Review - Moondrop Chu (sub 50€)

Review - Reecho SG01 (Sub 50€)

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Also available on YouTube in Spanish: Acho Reviews YouTube 

The Reecho SG01 have been kindly loaned to me by CqTek of hiendportable.com so I could test them out and create this review. Of course CqTek has not requested anything from me in exchange for sending these IEMs over but if you would like to see his review of these IEMs, you can find it here: https://hiendportable.com/reecho-sg-01-english-review/

This means that my review will follow the usual rule of being as unbiased and sincere as possible but, as I always say, I have not actually spent any of my own hard earned cash to try out these IEMs, so you may want to keep that in mind.


Intro…

CqTek has actually sent me a few models of IEMs to try out, for which I am grateful as I hadn’t tried any of the models he sent me, or anything else from the brands.

The loan of these items started with a subscriber to Acho Reviews who commented that he would like to see me review the Reecho SG03. I remembered that hiendportable.com had published a review of them (although I couldn’t remember anything about them), so I reached out to CqTek who kindly agreed to send them to me (the SG03) and also included some more models at the same time, the Reecho SG01 being one of them.

I must say that I know absolutely nothing about these IEMs, so I did a bit of research before sitting down to write this review. From the brief search that I did, it seems that the SG01 are available for just over 40€ (at the time of my search) and features a single graphene 10mm dynamic driver.

Apart from that, I didn’t find much info, without reading reviews of course (which I always avoid doing when I plan on reviewing something myself). I do know that the review on hiendportable.com contains more details and information, so I suggest that you give it a visit to see more details.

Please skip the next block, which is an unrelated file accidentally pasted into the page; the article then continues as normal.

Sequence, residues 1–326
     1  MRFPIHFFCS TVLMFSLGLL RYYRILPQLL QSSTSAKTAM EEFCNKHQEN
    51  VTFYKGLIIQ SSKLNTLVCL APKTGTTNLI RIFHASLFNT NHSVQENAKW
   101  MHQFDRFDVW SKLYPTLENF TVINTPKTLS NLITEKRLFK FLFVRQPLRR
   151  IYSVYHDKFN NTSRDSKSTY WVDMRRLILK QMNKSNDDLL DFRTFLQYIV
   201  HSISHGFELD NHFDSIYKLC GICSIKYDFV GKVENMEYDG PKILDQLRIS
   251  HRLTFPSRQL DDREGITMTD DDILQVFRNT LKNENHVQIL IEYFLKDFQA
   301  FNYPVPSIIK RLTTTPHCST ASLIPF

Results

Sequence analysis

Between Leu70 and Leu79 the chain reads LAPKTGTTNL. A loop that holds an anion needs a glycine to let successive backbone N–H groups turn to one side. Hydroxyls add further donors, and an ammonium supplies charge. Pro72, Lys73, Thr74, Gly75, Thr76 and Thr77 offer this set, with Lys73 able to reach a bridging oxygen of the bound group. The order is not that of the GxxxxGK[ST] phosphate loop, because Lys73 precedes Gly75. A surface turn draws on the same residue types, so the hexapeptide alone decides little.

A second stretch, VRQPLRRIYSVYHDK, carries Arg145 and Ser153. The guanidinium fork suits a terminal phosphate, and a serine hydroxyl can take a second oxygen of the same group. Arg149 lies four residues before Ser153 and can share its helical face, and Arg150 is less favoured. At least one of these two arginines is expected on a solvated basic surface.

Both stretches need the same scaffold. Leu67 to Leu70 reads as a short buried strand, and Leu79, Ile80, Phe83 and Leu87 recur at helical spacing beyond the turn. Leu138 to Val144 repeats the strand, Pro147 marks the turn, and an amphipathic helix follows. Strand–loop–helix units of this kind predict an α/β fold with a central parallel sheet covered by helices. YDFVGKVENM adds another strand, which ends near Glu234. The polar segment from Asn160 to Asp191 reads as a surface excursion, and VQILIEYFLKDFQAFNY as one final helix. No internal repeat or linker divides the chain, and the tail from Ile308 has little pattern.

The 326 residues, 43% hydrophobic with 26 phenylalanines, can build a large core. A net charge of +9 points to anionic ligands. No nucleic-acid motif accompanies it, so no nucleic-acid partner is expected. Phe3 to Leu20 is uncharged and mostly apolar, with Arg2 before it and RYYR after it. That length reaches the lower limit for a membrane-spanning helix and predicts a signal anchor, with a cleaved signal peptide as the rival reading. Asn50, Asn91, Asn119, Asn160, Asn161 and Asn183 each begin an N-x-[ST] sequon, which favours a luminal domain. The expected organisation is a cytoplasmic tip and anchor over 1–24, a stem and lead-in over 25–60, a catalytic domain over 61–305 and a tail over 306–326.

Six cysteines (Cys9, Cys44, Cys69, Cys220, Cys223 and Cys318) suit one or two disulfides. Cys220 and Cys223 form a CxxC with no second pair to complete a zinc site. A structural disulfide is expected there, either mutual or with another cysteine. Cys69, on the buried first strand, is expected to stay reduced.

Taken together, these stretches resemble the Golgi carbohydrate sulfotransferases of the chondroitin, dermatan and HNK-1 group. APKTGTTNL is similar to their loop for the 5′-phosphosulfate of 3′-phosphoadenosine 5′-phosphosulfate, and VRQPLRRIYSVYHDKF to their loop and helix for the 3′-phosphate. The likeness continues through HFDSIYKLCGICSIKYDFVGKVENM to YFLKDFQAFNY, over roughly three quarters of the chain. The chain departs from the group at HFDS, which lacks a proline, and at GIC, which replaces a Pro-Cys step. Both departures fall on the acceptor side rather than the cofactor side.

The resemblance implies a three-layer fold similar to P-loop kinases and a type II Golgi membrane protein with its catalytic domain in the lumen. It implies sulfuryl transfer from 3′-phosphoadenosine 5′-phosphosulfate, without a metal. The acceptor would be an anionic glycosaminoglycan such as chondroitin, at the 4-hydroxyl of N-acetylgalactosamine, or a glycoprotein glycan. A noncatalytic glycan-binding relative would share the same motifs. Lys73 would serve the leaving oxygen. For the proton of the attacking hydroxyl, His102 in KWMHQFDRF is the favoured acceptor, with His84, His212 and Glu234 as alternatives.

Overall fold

Presentation…

As this set of IEMs was sent to me by someone who has the exact same issue as myself, too many IEMs which means too many boxes, which means too little space to store them all, he just sent me the IEMs in their travel case along with a cable that is not the original (without any tips or other accessories).

This means that I can’t comment on the presentation of these IEMs. I can say that the way the reached me, nicely coiled inside a semi-rigid transport case, is something i have absolutely no complaints about. 


Build and aesthetics…

Again, as I just said, the included cable is not the original, therefore I can only comment on the build and aesthetics of the IEMs themselves (well, I can comment on the cable also, which is quite nice, but it is irrelevant to the product at hand).

As far as the IEMs, to be honest, it took me a while to decide if the shells were made from a lightweight alloy or plastic that has been painted to look like metal. In the end, I am 99% convinced that they are actually a lightweight metal in their totality.

This means that they are extremely lightweight and I also find them very comfortable. The size is rather and sits well inside me ear, being almost flush. Using silicone tips I found the seal to be very easy (I didn’t even try Xelastec or foam on these, which is usually a sign of immediate comfort for me) and different tips did do the usual change of sound but none of the ones I tried sounded awful.

As far as aesthetics, they remind me of something that I would associate with Fiio, with the wavy face plates. I don’t mind this look to be honest, it is something that breaks from the normal smooth finish but is not too over the top. 

As far as build quality, I don’t know how old these IEMs are or how they have been treated (although I know that CqTek treats his stuff very well) but they aren’t showing any signs of wear or damage, which is always positive.


Sound…

There are times when specific IEMs or headphones inspire me to listen to certain genres of music, although the day and my mood also play a big part. In the case of the SG01, they were the IEMs I picked up to go back to work on the 3rd of January, without listening to them previously. Upon sitting down at my desk to start making my way through the hundreds of backlogged emails, I connected them to the Atom and started listening. After about 10 minutes, the SG01 just kept making me feel like listening to female pop. 

Who am I to disagree with my subconscious? So the first 5 or 6 hours of my work in 2022 was spent listening to people like Alicia Keys, Destiny's Child, Macy Gray and many other similar artists, which I feel that the SG01 did a very good job of presenting.

Not everything was perfect, I’ll mention more about the flaws, but I was happy with the tuning and quality of the music I was listening to, and that was before I knew the price of them. Now that I know that they cost 40€, I must say that I am impressed.